Evaluation of multiple imputation methods for dealing with missing longitudinal data
AuthorDe Silva, Anurika Priyanjali
AffiliationMelbourne School of Population and Global Health
Document TypePhD thesis
Access StatusThis item is embargoed and will be available on 2021-02-13. This item is currently available to University of Melbourne staff and students only, login required.
© 2018 Dr. Anurika Priyanjali De Silva
Background: Missing data is a common problem in epidemiological studies and is especially prominent in longitudinal cohorts, as these studies require the participation of respondents at multiple waves. The statistical literature contains extensive research on handling missing data at a single time point, with multiple imputation (MI) being a widely used approach. However, there is limited guidance on using MI in complex longitudinal settings. My PhD focuses on the evaluation of MI methods in three specific settings commonly encountered in practice: 1) a time-dependent exposure with a non-linear trajectory over time, 2) a longitudinal categorical exposure with restrictions on transitions over time and 3) a time-dependent outcome variable in a longitudinal study with sampling weights. Methods: I evaluated three MI methods currently available in the Stata statistical software; multivariate normal imputation (MVNI), fully conditional specification (FCS) and the two-fold fully conditional specification (two-fold FCS) algorithm. When handling missing longitudinal data MVNI and FCS treat repeated measurements of the same variables as distinct variables, and face convergence issues when there are many time points and/or many incomplete variables. The two-fold FCS algorithm was introduced to overcome these limitations as it only uses information from current and adjacent time points for imputation. In each scenario, various versions of the MI methods were evaluated using comprehensive simulation studies based on the Longitudinal Study of Australian Children (LSAC). The performance of these methods was evaluated for varying percentages of missing data where data were either missing completely at random or missing at random. The methods were also compared using case studies from LSAC. Results: MVNI and FCS performed adequately when handling the incomplete time-dependent exposure with a non-linear trajectory, demonstrating the importance of including as much information as possible in the imputation model. If faced with convergence problems, the two-fold FCS may be used as long as there is a sufficiently large time window to capture the non-linear trajectory. Predictive mean matching within the FCS framework performed best for imputing an incomplete categorical variable with restrictions over time, while all other implementations of FCS faced convergence problems. MVNI followed by rounding to transform non-integer imputed values into original categories resulted in biased estimates. It was found that it is important to account for restrictions within the imputation procedure. All implementations of FCS incorporating sampling weights faced issues of convergence. Meanwhile, MVNI including the design variables used to generate sampling weights in the imputation model performed well. If these variables are unknown, information from sampling weights can be incorporated within the imputation model by including sampling weights or the design stratum indicator as a fixed effect in the imputation model. Conclusions: While existing MI methods, MVNI and FCS, can be used to handle incomplete longitudinal data, their performance varies depending on the scenario suggesting that MI should be customised to the given setting. This research provides guidance on how to do so in specific scenarios contributing to the literature on missing data methodology. Researchers are encouraged to be aware of these developments to ensure that missing data are handled effectively.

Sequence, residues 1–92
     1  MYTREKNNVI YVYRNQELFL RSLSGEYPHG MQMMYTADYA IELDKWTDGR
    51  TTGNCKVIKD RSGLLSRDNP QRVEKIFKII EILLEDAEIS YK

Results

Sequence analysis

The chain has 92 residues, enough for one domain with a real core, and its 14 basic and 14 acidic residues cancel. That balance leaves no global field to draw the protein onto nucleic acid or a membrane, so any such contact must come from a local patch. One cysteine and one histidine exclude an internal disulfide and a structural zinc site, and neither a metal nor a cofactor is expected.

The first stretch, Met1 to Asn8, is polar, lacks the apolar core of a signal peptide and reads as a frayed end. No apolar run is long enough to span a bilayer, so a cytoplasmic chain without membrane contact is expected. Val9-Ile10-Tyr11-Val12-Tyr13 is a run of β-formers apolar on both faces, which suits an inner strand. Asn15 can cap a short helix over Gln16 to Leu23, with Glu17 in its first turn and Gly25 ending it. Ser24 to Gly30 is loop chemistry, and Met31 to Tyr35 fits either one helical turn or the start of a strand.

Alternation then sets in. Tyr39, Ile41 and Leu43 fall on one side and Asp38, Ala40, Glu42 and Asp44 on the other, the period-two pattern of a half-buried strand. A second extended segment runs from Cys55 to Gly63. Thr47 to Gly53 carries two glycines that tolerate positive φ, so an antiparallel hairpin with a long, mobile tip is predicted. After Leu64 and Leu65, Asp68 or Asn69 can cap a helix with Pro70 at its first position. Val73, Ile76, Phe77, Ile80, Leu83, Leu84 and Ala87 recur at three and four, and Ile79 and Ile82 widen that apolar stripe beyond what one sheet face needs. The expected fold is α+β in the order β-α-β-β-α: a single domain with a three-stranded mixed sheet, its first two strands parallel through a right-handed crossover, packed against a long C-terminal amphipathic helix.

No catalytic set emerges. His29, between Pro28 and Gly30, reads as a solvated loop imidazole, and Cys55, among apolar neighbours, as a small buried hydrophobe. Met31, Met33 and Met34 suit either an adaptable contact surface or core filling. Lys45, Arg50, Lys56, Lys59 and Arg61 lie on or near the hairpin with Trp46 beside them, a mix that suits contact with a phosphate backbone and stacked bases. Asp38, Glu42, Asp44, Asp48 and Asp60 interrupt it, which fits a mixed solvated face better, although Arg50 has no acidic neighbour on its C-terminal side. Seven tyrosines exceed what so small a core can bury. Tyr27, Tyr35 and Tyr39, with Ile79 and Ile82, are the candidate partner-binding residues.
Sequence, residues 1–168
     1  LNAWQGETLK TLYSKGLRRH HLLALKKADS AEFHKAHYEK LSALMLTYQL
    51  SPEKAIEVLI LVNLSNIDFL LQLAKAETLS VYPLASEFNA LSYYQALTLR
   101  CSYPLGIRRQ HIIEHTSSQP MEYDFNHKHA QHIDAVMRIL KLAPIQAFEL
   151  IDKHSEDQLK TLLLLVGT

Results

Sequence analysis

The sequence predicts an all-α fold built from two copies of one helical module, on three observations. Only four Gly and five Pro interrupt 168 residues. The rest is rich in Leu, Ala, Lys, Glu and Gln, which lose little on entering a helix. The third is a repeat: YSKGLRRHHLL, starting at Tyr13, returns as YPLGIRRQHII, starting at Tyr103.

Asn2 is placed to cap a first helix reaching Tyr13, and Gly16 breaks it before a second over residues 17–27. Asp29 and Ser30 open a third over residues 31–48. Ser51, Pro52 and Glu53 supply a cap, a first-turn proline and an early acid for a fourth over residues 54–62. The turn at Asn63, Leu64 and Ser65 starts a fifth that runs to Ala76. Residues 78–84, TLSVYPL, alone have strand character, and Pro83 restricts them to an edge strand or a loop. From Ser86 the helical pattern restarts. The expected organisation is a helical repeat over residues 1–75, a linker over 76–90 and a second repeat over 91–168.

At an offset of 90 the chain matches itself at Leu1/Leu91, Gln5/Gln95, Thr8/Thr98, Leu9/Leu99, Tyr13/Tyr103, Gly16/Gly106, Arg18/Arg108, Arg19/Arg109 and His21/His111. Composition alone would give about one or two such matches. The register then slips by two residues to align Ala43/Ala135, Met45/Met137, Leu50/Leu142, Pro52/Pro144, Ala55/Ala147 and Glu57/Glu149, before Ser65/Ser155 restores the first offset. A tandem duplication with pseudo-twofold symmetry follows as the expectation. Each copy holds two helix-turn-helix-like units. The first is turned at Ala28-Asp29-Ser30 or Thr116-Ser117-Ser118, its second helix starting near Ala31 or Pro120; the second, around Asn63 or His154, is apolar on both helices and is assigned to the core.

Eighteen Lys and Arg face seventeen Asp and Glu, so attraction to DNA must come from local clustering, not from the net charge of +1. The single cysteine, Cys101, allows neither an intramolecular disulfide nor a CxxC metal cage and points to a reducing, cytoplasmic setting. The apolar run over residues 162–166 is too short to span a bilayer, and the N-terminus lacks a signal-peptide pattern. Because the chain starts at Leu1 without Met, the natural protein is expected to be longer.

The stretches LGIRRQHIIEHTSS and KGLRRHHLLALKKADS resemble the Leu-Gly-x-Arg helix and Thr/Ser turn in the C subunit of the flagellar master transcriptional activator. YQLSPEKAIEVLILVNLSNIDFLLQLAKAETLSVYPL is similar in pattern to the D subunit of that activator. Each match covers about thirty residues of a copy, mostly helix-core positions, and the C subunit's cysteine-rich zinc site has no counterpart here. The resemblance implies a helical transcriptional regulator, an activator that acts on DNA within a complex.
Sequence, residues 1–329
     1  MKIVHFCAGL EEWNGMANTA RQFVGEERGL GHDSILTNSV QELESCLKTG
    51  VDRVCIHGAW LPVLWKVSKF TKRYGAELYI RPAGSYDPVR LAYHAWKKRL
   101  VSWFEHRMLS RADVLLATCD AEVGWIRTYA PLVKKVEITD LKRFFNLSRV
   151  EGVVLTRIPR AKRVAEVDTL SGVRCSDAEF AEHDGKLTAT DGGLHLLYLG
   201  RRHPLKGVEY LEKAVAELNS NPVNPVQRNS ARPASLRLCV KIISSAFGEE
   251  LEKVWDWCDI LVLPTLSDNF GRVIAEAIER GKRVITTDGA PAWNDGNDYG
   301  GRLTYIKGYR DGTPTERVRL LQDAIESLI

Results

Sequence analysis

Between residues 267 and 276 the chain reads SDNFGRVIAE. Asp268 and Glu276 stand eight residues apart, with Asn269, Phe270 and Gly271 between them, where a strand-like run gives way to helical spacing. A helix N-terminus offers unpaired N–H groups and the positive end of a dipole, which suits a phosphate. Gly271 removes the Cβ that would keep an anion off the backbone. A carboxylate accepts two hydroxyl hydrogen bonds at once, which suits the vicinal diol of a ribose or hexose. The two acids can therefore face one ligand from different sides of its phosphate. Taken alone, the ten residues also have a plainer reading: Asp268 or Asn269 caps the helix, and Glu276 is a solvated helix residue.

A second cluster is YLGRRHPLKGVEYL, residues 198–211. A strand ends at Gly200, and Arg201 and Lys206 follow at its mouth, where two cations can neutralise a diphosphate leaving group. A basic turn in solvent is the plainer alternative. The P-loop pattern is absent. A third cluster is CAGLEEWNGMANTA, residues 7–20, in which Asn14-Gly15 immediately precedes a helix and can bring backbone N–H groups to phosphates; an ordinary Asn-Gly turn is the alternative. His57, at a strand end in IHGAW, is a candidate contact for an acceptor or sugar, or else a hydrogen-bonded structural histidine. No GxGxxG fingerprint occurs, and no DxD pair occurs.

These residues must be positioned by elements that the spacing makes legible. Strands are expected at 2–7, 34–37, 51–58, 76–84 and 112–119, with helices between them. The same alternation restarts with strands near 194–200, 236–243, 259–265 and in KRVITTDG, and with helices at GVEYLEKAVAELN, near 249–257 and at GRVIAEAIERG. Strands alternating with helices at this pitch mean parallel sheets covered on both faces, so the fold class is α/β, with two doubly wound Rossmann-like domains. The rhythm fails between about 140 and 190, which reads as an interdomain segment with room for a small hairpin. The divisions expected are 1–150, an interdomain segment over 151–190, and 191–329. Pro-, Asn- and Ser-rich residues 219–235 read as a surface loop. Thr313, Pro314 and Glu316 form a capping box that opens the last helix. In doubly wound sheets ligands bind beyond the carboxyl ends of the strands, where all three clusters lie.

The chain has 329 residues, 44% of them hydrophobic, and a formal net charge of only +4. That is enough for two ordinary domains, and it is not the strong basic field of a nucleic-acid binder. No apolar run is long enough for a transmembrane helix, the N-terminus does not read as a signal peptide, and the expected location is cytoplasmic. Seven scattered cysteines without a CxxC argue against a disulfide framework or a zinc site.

Keywordsmultiple imputation; missing longitudinal data; multivariate normal imputation; fully conditional specification; sampling weights; restricted categorical variables; non-linear trajectories
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